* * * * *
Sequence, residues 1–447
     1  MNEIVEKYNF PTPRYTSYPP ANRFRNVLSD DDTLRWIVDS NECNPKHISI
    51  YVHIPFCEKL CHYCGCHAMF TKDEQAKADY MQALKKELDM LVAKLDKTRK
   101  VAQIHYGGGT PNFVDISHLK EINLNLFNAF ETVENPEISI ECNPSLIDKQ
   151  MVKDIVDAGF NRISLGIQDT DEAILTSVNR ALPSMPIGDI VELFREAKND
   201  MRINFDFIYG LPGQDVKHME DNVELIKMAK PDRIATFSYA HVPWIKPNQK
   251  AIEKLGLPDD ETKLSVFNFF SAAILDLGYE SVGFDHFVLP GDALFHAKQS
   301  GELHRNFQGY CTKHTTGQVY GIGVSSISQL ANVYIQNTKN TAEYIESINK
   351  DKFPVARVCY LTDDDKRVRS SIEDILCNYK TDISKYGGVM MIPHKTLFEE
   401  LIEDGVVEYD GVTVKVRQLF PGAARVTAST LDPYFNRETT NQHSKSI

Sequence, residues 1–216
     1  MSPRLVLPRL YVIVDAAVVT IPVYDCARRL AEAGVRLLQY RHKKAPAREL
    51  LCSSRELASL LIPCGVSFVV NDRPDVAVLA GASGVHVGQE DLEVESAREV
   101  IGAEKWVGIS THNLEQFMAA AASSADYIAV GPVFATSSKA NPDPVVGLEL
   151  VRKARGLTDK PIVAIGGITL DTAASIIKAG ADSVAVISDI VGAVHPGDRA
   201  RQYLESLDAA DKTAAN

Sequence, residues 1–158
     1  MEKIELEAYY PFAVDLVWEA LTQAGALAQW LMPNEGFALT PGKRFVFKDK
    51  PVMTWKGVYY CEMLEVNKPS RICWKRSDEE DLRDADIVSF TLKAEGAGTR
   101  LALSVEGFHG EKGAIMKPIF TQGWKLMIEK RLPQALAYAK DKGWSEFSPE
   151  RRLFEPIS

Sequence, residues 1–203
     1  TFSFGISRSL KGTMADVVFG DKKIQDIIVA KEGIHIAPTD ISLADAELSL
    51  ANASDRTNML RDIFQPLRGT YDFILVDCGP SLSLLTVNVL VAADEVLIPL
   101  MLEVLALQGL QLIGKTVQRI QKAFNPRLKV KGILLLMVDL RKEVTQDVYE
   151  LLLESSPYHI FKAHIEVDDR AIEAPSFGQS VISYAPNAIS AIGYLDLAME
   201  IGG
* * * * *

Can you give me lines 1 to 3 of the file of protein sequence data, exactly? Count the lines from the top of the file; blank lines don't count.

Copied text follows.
Sequence, residues 1–447
     1  MNEIVEKYNF PTPRYTSYPP ANRFRNVLSD DDTLRWIVDS NECNPKHISI
    51  YVHIPFCEKL CHYCGCHAMF TKDEQAKADY MQALKKELDM LVAKLDKTRK